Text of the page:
Mckinsey pop up

Last August, Le Tote inked a deal to acquire the Lord & Taylor brand — along with its intellectual property, digital sites, inventory and 38 remaining stores. All for a seemingly paltry $75 million in cash.

It was a deal that caught some by surprise. A rental subscription service scooping up a legacy department store brand? Then, in September, global consultancy firm McKinsey & Co. said it was going into the pop-up retail business at the Mall of America with its “Modern Retail Collective” — showcasing beauty and lingerie.

More heads were scratched.

Earlier this month, Simon Properties Partners said it entered into a joint venture with Rue Gilt Groupe. In the deal, Rue Gilt’s web sites will keep their individual identities and be operated separately while Simon’s ShopPremiumOutlets will transition to be under the operations of Rue Gilt. And earlier this week, Target Corp. said it was teaming with the owner of the Toys ‘R’ Us brand to relaunch the company’s e-commerce site, Toys ‘R’ Us, prior to its bankruptcy, was a direct competitor to the toy departments of both Target and Walmart.

toys r us

A liquidation plan shuttered 730 Toys ‘R’ Us stores in 2018, and investors later scooped up the brand name and web site.  Shutterstock / photocritical

At first blush, these deals and investments might seem counterintuitive to some. But industry experts, analysts and solution providers expect more of these types of marriages down the road as the convergence of online and physical stores drives opportunities (as well as challenges) in fashion, luxury, beauty and real estate.

Mike Head, general manager of partnership, cloud at Impact, which helps companies manage partnerships and customers, said he expects more “nontraditional” deals in the future.

“Businesses today are looking for ways to join forces so they can gain new audiences, new assets and new capabilities — this is what’s driving a lot of these surprising deals,” Head told WWD. “But rather than viewing the world through the binary lens of build or buy, I believe we’ll start to see more nontraditional partnerships take place: partnerships in fast fashion — multiple brands selling in one location, for example; more place-based partnerships like returning Amazon purchases at Kohl’s locations, [direct-to-consumer] products being sold in brick and mortar retail stores.”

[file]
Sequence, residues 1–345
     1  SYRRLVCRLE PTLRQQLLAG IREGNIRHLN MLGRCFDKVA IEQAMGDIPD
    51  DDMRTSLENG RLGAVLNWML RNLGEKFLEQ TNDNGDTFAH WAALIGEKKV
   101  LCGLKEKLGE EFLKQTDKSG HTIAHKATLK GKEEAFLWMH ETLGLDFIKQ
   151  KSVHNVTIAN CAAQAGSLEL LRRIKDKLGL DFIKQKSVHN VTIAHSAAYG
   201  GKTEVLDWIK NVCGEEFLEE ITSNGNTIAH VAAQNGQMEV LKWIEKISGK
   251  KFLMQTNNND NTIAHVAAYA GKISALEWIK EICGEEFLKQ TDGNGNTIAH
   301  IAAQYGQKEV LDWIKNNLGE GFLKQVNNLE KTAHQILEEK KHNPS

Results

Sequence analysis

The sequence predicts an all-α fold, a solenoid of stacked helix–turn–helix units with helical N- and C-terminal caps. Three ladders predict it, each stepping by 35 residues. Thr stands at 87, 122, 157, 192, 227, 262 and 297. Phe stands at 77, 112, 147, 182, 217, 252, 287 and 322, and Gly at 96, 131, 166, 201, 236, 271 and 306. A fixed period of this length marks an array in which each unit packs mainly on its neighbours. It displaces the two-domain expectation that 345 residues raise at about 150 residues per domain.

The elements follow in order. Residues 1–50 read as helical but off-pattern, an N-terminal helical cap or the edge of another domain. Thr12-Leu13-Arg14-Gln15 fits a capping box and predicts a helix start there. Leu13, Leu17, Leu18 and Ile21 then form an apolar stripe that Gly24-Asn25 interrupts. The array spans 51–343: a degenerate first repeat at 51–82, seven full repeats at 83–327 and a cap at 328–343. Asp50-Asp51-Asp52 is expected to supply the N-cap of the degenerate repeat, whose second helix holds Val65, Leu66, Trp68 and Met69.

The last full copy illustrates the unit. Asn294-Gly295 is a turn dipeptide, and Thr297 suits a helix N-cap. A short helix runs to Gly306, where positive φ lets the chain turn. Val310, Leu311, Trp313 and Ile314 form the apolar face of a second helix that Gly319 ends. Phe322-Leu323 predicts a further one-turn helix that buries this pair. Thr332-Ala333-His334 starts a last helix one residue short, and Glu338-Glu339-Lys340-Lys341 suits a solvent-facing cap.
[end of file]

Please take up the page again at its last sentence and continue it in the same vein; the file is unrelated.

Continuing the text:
Head said these “marriages” or partnerships “are intuitive in the sense that the companies involved share an audience and create added value for the consumer.”

Meyar Sheik, founder of Certona Corp. and president and chief commerce officer of Kibo, said with the Simon venture, both companies “see an immense multibillion-dollar opportunity to address the outlet mall consumer.”

“By leveraging Rue’s online presence and e-commerce infrastructure, Simon can offer its brand and retailer tenants another channel to sell their merchandise and also generate an incremental revenue stream through e-commerce,” Sheik told WWD.

With Le Tote and Lord & Taylor, Sheik said the retailer has been “struggling like many other apparel retailers and Le Tote is in the high-fashion rental business. Rather than having to mark down unique, seasonal and trendy dresses that don’t have enough demand and eroding margins, Lord & Taylor can now make those dresses available on Le Tote for rental.

“This leverages their combined customer base and also helps protect their margins by getting more revenue per each rental dress versus marking them down and selling them at a discount and eroding the Lord & Taylor [brand],” Sheik explained.